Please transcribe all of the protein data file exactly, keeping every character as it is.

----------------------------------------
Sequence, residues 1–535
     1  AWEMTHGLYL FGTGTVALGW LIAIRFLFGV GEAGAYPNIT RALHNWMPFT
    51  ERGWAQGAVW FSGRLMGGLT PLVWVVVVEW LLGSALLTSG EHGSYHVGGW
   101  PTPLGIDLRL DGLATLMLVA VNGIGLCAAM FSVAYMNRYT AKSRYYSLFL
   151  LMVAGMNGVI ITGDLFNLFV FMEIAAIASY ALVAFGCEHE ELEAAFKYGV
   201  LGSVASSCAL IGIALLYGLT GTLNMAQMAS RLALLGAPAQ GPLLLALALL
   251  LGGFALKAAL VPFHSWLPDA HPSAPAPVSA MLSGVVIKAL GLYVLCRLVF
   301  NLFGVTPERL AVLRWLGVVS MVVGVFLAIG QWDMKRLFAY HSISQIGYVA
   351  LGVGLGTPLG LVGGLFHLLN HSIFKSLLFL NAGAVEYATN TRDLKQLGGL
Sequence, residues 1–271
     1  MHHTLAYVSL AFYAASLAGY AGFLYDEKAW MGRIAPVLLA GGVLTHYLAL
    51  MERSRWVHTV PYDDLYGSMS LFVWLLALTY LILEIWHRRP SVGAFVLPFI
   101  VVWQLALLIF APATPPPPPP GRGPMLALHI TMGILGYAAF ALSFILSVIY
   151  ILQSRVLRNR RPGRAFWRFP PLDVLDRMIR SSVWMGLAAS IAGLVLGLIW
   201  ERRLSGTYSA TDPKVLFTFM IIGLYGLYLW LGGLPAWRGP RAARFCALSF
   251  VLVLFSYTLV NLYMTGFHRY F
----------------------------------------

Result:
Sequence, residues 1–535
     1  AWEMTHGLYL FGTGTVALGW LIAIRFLFGV GEAGAYPNIT RALHNWMPFT
    51  ERGWAQGAVW FSGRLMGGLT PLVWVVVVEW LLGSALLTSG EHGSYHVGGW
   101  PTPLGIDLRL DGLATLMLVA VNGIGLCAAM FSVAYMNRYT AKSRYYSLFL
   151  LMVAGMNGVI ITGDLFNLFV FMEIAAIASY ALVAFGCEHE ELEAAFKYGV
   201  LGSVASSCAL IGIALLYGLT GTLNMAQMAS RLALLGAPAQ GPLLLALALL
   251  LGGFALKAAL VPFHSWLPDA HPSAPAPVSA MLSGVVIKAL GLYVLCRLVF
   301  NLFGVTPERL AVLRWLGVVS MVVGVFLAIG QWDMKRLFAY HSISQIGYVA
   351  LGVGLGTPLG LVGGLFHLLN HSIFKSLLFL NAGAVEYATN TRDLKQLGGL
Sequence, residues 1–271
     1  MHHTLAYVSL AFYAASLAGY AGFLYDEKAW MGRIAPVLLA GGVLTHYLAL
    51  MERSRWVHTV PYDDLYGSMS LFVWLLALTY LILEIWHRRP SVGAFVLPFI
   101  VVWQLALLIF APATPPPPPP GRGPMLALHI TMGILGYAAF ALSFILSVIY
   151  ILQSRVLRNR RPGRAFWRFP PLDVLDRMIR SSVWMGLAAS IAGLVLGLIW
   201  ERRLSGTYSA TDPKVLFTFM IIGLYGLYLW LGGLPAWRGP RAARFCALSF
   251  VLVLFSYTLV NLYMTGFHRY F